Diane Currie Sam: I have a very trusting soul. I kind of am one of these people that–if I say I’m going to something, I just do it. This can be tough. If there’s something kind of bothering me [inaudible] say it and to [inaudible] have firm expectations upfront, and really discuss–this is maybe even more related to the sales type stuff, right? It’s like I get very excited about wanting to do things, but I need to step back and say, “Okay, this is what I’m going to do, this is what you’re going to do.” I can see visions that people have that’s why I’m good at what I do. I can see– “Oh, wow, this is going to be really cool.” This is what you need to do to get your ideas out. But that can be taken advantage of because I’m so excited getting their idea out that I don’t have firm guidelines about getting paid, getting paid on time, what my expectations are, making sure the contract’s fulfilled, the business side of things, I’ve made lots of mistakes on that.

Kim Orlesky: Yeah, absolutely. There’s probably a lot of entrepreneurs that are listening right now that you all get excited about working with a brand new client or getting closer to the end of the ideal that we forget to sometimes work through those finer details especially when it comes to the financial aspect of it–the payments, the structure. When are you going to get paid?

Diane Currie Sam: Yeah. This is why the work you do is so important to you because [inaudible]. I wish I had had a sales coach at a younger age because it’s holding your own space. Holding your– “Oh, no. This is what I’m going to do, this is what you’re going to do.” So I’ve lost thousands of dollars. Thousands because I have not done that.

Kim Orlesky: That’s some great advice for the listeners, to ensure that we are working through those finer details no matter how uncomfortable they are because–I mean, you have a great product out there. Everybody needs to understand what the story is, but at the end of the day, it’s still a business.

Diane Currie Sam: Exactly, yeah.

Kim Orlesky: So one last piece of advice for any entrepreneurs that want to sell more, if you were to–how would stories be able to help them sell more?

Diane Currie Sam: I’ll tell a story and then give the advice that comes out of it. There was a group–I can’t remember, it was one of the universities in the states and marketing group. They bought about $100 worth of junk products. Like this ton of stuff you find at the garage sale. Like an old Elvis cookie tin from whatever, and little candle holders and stuff. Bought $100 worth of that type of junk. Then they put it up on eBay, nothing really happened. Then they hired a team of creative writers to write stories about all those products. All these Elvis tin, it’s an heirloom, and my parents met at Graceland and fell in love over this tin, and it’s been through–blah blah blah. Whole story about these products. Put them back up on eBay with these stories attached. So about $100 worth these just junk stuff.  Do you want to guess how much it sold after those creative writers got at it?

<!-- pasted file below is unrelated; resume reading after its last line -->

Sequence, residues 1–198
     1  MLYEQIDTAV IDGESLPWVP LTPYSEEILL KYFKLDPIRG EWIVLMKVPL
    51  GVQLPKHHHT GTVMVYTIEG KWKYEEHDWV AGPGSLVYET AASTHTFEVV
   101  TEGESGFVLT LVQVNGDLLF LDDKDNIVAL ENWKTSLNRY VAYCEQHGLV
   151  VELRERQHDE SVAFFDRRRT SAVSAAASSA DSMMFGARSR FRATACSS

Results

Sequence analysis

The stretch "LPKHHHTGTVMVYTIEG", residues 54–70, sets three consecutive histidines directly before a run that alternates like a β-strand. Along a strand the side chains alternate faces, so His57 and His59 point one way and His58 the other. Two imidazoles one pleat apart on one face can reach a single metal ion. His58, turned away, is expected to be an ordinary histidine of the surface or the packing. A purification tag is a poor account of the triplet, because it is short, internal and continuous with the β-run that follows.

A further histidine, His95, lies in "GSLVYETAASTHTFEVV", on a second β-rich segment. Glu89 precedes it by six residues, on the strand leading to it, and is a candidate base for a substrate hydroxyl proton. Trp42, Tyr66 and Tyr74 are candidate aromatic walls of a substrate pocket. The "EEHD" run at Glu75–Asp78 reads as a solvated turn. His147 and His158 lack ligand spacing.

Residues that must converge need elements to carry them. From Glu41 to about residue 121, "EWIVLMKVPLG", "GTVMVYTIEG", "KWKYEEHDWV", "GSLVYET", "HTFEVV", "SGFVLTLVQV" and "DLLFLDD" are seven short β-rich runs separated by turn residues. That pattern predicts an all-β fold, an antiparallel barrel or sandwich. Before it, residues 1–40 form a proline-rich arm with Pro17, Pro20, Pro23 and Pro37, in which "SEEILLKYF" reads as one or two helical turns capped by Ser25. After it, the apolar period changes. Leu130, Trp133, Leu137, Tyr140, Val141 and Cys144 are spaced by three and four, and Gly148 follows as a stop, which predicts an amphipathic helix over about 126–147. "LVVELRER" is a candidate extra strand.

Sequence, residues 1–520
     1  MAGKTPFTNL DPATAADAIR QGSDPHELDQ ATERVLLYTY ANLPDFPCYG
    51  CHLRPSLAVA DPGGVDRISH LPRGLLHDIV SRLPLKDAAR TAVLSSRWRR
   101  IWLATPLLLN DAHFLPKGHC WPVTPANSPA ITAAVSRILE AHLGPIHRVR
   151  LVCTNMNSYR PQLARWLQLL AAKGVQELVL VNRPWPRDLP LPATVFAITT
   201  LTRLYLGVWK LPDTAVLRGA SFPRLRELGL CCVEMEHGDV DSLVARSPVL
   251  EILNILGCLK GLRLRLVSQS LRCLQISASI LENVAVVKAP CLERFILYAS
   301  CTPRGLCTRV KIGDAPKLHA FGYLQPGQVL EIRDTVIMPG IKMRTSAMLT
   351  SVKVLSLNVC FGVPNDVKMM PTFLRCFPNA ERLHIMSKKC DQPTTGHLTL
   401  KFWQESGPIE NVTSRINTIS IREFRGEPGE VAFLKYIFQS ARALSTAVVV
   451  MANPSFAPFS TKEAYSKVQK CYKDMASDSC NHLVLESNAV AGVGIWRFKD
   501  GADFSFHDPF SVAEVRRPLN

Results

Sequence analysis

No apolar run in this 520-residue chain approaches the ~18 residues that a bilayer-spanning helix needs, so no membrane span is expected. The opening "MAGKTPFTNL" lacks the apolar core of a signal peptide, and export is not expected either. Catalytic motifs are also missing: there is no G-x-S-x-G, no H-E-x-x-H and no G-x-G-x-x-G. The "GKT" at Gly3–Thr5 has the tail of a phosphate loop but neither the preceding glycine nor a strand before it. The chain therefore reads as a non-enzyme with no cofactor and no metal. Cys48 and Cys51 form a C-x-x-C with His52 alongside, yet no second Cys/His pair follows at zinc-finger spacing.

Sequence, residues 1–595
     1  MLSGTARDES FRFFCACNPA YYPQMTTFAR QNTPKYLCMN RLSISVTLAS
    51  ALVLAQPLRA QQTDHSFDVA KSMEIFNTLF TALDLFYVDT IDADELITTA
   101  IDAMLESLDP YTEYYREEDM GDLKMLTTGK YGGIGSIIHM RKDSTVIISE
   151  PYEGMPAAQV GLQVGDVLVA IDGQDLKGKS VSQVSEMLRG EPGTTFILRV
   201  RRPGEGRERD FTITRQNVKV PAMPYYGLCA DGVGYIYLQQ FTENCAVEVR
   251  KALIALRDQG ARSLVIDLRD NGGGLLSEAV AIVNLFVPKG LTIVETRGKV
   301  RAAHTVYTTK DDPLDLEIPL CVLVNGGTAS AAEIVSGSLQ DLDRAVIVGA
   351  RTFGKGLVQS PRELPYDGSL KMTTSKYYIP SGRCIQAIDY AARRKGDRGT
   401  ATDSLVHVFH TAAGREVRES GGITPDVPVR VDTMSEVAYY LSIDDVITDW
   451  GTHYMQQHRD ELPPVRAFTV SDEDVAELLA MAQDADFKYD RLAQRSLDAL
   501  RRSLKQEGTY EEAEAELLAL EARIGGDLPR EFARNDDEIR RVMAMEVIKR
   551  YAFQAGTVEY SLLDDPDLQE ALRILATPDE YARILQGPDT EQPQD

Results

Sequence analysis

Kim Orlesky: Oh, I have no idea. At least double, I would say.

Diane Currie Sam: It sold for $8,000.

Kim Orlesky: $100 worth of items.

Diane Currie Sam: So the moral of that story is to–we’ll add actual value to what it is you’re selling. The stories will add psychological value to what it is you’re selling. So my advice is to embrace that concept. What story am I going to tell about this product, how many different kind of stories can I get out on my website, on my marketing, my emails? Can I go out there and powerfully tell some really cool stories about my life and my business and my product and how it [inaudible] its place in the world? My advice is to just run with it. Stop trying to be so formal and so corporate and so protected.

Kim Orlesky: That’s wonderful. Thank you so much, Diane. If people want to learn more about you, what’s the best way of them to get in touch with you or any of your projects?

Diane Currie Sam: So if you go to my website, it’s, I’ve got some downloadable gifts. If you want to download the gifts–if you do want to actually meet with me, I have a consultation process. If you go to, then you could fill out a form, and we can have an actual discussion.

Kim Orlesky: Perfect. All those links will be included on If you go to /episode4 for Diane, you’ll be able to get all those downloadable links right from her or go check out her website as well. Thank you so much, Diane. It was wonderful talking to you as always.